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Pond ecology and conservation: research priorities and knowledge gaps

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journal contribution
posted on 10.12.2021, 11:47 by Matthew J Hill, Helen M Greaves, Carl D Sayer, Christopher Hassall, Mélanie Milin, Victoria S Milner, Luca Marazzi, Ruth Hall, Lynsey R Harper, Ian Thornhill, Richard Walton, Jeremy Biggs, Naomi Ewald, Alan Law, Nigel Willby, James C White, Robert A Briers, Kate MathersKate Mathers, Michael J Jeffries, Paul WoodPaul Wood
Ponds are among the most biodiverse and ecologically important freshwater habitats globally and may provide a significant opportunity to mitigate anthropogenic pressures and reverse the decline of aquatic biodiversity. Ponds also provide important contributions to society through the provision of ecosystem services. Despite the ecological and societal importance of ponds, freshwater research, policy, and conservation have historically focused on larger water bodies, with significant gaps remaining in our understanding and conservation of pond ecosystems. In May 2019, pond researchers and practitioners participated in a workshop to tackle several pond ecology, conservation, and management issues. Nine research themes and 30 research questions were identified during and following the workshop to address knowledge gaps around: (1) pond habitat definition; (2) global and long-term data availability; (3) anthropogenic stressors; (4) aquatic–terrestrial interactions; (5) succession and disturbance; (6) freshwater connectivity; (7) pond monitoring and technological advances; (8) socio-economic factors; and (9) conservation, management, and policy. Key areas for the future inclusion of ponds in environmental and conservation policy were also discussed. Addressing gaps in our fundamental understanding of pond ecosystems will facilitate more effective research-led conservation and management of pondscapes, their inclusion in environmental policy, support the sustainability of ecosystem services, and help address many of the global threats driving the decline in freshwater biodiversity.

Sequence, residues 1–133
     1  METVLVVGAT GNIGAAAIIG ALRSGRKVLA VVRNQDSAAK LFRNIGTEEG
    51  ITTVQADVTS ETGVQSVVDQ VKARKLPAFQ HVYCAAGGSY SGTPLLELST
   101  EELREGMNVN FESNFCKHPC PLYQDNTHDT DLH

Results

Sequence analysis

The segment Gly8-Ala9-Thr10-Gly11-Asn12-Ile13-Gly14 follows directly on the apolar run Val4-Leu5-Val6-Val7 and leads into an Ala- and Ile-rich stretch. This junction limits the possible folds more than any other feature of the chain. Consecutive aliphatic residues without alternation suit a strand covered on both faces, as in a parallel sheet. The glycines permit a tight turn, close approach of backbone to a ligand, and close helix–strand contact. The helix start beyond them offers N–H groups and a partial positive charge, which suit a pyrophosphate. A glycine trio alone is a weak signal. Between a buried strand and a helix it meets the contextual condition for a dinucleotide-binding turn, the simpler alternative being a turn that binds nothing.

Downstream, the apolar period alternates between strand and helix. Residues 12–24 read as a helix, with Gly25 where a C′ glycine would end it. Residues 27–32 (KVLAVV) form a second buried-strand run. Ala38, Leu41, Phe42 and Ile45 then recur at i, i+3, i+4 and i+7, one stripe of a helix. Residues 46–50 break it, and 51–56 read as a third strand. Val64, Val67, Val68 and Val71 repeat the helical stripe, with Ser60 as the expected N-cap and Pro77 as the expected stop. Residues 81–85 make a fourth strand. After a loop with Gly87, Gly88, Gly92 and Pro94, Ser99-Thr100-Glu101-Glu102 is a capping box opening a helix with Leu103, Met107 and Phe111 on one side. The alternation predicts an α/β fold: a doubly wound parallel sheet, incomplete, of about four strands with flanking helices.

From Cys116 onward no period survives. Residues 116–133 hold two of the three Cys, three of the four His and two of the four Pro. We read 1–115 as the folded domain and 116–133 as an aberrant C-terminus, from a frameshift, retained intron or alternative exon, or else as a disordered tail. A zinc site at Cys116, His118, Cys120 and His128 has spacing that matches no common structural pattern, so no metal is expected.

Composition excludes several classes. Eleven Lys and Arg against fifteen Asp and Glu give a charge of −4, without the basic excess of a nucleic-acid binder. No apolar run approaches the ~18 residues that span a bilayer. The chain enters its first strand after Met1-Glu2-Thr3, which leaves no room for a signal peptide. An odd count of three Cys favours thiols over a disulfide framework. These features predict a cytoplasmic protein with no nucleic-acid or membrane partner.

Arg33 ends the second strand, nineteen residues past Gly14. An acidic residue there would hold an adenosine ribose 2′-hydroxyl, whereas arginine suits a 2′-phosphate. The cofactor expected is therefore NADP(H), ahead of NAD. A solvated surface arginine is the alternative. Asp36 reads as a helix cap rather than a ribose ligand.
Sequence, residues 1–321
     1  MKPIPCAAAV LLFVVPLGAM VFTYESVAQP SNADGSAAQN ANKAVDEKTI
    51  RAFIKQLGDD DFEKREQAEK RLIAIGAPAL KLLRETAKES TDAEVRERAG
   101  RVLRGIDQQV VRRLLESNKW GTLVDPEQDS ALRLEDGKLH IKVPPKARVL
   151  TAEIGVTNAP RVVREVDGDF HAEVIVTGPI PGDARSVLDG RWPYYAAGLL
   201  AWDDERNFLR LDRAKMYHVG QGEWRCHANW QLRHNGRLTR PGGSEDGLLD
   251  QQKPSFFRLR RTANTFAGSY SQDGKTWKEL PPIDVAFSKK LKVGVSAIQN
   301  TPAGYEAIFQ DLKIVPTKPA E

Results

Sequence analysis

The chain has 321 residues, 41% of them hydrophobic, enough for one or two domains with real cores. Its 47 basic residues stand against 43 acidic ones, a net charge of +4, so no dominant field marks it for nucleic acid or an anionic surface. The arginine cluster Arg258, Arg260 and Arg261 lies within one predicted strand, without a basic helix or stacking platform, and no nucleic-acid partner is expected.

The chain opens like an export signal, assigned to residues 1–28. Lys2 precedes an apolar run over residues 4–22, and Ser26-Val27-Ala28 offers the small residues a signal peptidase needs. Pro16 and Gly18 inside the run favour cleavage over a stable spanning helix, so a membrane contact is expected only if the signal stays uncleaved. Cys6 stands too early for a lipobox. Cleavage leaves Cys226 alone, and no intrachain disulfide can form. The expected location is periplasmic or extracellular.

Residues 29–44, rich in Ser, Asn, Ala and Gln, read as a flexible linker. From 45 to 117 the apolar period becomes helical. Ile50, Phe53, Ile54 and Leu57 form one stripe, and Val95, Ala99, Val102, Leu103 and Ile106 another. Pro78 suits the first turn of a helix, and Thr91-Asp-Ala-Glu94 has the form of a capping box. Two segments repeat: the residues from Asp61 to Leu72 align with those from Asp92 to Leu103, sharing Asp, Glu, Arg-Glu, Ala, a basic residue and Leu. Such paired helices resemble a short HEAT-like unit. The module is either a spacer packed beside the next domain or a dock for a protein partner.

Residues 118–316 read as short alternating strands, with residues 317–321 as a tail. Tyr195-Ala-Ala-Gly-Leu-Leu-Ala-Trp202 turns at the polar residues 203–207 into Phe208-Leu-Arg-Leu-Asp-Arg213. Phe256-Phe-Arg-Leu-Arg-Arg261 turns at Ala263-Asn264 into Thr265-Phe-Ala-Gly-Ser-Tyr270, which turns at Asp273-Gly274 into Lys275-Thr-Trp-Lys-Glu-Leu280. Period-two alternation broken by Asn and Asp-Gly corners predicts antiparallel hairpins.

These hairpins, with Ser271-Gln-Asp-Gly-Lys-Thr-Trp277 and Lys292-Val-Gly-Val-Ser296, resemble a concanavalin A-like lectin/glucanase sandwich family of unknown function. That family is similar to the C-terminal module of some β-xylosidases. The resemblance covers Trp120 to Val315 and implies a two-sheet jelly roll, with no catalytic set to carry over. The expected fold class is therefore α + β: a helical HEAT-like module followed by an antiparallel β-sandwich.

Funding

The British Ecological Society

History

School

  • Social Sciences and Humanities

Department

  • Geography and Environment

Published in

Ecosphere

Volume

12

Issue

12

Publisher

Wiley

Version

VoR (Version of Record)

Rights holder

© The Authors

Publisher statement

This is an Open Access Article. It is published under the Creative Commons Attribution 3.0 Unported Licence (CC BY 3.0). Full details of this licence are available at: https://creativecommons.org/licenses/by/3.0/

Acceptance date

22/07/2021

Publication date

2021-12-09

Copyright date

2021

ISSN

2150-8925

eISSN

2150-8925

Language

en

Depositor

Dr Kate Mathers. Deposit date: 10 December 2021

Article number

e03853